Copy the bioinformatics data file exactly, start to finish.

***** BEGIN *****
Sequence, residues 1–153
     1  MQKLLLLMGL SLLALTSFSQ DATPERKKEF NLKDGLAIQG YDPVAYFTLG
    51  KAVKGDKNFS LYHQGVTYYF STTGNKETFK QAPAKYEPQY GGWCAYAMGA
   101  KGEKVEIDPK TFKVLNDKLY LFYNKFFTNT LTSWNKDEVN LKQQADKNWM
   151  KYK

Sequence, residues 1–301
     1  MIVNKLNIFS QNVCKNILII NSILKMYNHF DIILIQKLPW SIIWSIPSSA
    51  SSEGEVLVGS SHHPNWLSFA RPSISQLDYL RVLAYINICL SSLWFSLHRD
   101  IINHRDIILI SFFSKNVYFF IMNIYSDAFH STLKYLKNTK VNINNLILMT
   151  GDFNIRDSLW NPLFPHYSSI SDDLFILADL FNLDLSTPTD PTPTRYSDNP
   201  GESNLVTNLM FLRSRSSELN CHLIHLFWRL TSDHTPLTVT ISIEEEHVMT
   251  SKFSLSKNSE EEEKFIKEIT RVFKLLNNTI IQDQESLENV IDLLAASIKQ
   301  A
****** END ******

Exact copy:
Sequence, residues 1–153
     1  MQKLLLLMGL SLLALTSFSQ DATPERKKEF NLKDGLAIQG YDPVAYFTLG
    51  KAVKGDKNFS LYHQGVTYYF STTGNKETFK QAPAKYEPQY GGWCAYAMGA
   101  KGEKVEIDPK TFKVLNDKLY LFYNKFFTNT LTSWNKDEVN LKQQADKNWM
   151  KYK

Sequence, residues 1–301
     1  MIVNKLNIFS QNVCKNILII NSILKMYNHF DIILIQKLPW SIIWSIPSSA
    51  SSEGEVLVGS SHHPNWLSFA RPSISQLDYL RVLAYINICL SSLWFSLHRD
   101  IINHRDIILI SFFSKNVYFF IMNIYSDAFH STLKYLKNTK VNINNLILMT
   151  GDFNIRDSLW NPLFPHYSSI SDDLFILADL FNLDLSTPTD PTPTRYSDNP
   201  GESNLVTNLM FLRSRSSELN CHLIHLFWRL TSDHTPLTVT ISIEEEHVMT
   251  SKFSLSKNSE EEEKFIKEIT RVFKLLNNTI IQDQESLENV IDLLAASIKQ
   301  A